Methods in Medical Ethics

By Jeremy Sugarman; Daniel P. Sulmasy | Go to book overview

3
Philosophy

David DeGrazia and Tom L. Beauchamp

What distinctive contributions does philosophy provide to medical ethics? Philosophy's most prominent and influential contribution, on which this chapter focuses, is to provide the critical resources of ethical theory and methodology in ethics.1 The ambition of ethical theory is to provide an adequate normative framework for addressing the problems of moral life. Usually such a framework takes the form of a theory of right action, but it may take the form of a theory of good character (which is sometimes helpful in determining right action). The ambition of methodology in ethics, meanwhile, is to provide a procedure or method (1) for producing such a normative framework, (2) for using such a framework once it has been identified, or (3) for navigating the complexities of moral life in the absence of such a framework.

As this book concerns methods in medical ethics, this chapter examines philosophicalmethods in medical ethics. We will explore five leading methods, or models, for doing the work of moral reasoning, with special attention to the problems of medical ethics. Our discussion of particular ethical theories will be relatively compressed, because the application of established ethical theories represents only one of the five methods we explore.

The chapter begins with a section entitled “The Methods of Philosophical Medical Ethics,” in which each method or model is described in a subsection and then subjected to one or more important criticisms in a subsection that immediately follows. Following some concluding comments, the chapter ends with a brief section on philosophical training in medical ethics and on leading scholarly resources in the field.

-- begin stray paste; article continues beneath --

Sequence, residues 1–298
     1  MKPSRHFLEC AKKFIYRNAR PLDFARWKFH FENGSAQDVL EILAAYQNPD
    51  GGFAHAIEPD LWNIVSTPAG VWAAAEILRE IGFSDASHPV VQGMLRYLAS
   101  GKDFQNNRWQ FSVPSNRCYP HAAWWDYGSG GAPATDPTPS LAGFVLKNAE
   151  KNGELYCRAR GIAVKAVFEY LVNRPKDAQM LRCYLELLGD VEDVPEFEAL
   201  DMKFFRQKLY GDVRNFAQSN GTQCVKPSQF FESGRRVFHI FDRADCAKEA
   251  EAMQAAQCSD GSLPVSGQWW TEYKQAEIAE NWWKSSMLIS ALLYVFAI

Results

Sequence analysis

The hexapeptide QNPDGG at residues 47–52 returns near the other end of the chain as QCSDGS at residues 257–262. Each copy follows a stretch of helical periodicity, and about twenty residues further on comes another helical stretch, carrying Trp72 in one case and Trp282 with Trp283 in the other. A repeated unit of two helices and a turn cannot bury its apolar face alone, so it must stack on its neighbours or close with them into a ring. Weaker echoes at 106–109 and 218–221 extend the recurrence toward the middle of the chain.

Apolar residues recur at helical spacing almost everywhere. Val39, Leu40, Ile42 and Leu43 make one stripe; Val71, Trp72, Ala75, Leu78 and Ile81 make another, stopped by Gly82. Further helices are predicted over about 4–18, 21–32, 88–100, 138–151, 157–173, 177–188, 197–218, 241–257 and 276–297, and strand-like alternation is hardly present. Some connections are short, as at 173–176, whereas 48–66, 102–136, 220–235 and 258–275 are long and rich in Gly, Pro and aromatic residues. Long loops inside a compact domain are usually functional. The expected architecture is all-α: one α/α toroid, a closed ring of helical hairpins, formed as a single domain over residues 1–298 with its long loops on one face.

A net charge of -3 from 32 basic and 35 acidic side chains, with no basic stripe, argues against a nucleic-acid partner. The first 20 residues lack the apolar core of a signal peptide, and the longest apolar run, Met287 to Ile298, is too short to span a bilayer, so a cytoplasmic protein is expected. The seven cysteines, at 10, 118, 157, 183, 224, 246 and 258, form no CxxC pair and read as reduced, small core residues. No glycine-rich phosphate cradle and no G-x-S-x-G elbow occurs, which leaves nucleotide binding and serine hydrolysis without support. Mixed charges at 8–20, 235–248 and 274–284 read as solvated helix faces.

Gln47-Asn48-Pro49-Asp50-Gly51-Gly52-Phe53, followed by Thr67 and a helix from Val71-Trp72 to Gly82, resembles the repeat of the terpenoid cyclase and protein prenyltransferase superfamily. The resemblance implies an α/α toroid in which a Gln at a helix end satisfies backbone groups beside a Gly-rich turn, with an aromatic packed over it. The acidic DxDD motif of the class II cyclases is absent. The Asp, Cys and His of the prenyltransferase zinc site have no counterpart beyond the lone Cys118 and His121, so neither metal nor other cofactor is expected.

THE METHODS OF PHILOSOPHICAL MEDICAL ETHICS

Moral philosophers have traditionally aspired to normative theories of what is right or wrong that are set out in the most general terms. But it is increasingly questioned whether such general theories can be fruitfully applied in specific cases and contexts. Partly for this reason, it is controversial which philosophical methods best achieve the objectives of “applied ethics” and “practical ethics”—terms that have come into vogue as philosophical ethics has increased its interest in addressing such practical issues as abortion, the use of research subjects, and genetic engineering.

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Methods in Medical Ethics
Table of contents

Table of contents

  • Title Page i
  • Contents v
  • Preface vii
  • Acknowledgments xi
  • Contributors xiii
  • Part I - Overview 1
  • 1: The Many Methods of Medical Ethics (Or, Thirteen Ways of Looking at a Blackbird) 3
  • 2: A Decade of Empirical Research in Medical Ethics 19
  • Part II - Methods 29
  • 3: Philosophy 31
  • 4: Religion and Theology 47
  • 5: Professional Codes 70
  • 6: Legal Methods 88
  • 7: Casuistry 104
  • 8: History 126
  • 9: Qualitative Methods 146
  • 10: Ethnographic Methods 169
  • 11: Quantitative Surveys 1 192
  • 12: Experimental Methods 207
  • 13: Economics and Decision Science 227
  • Part III - Relationships and Applications 245
  • 14: Research in Medical Ethics: Physician-Assisted Suicide and Euthanasia 247
  • 15: Research in Medical Ethics: Genetic Diagnosis 1 267
  • 16: Reading the Medical Ethics Literature: a Discourse on Method 286
  • Index 298
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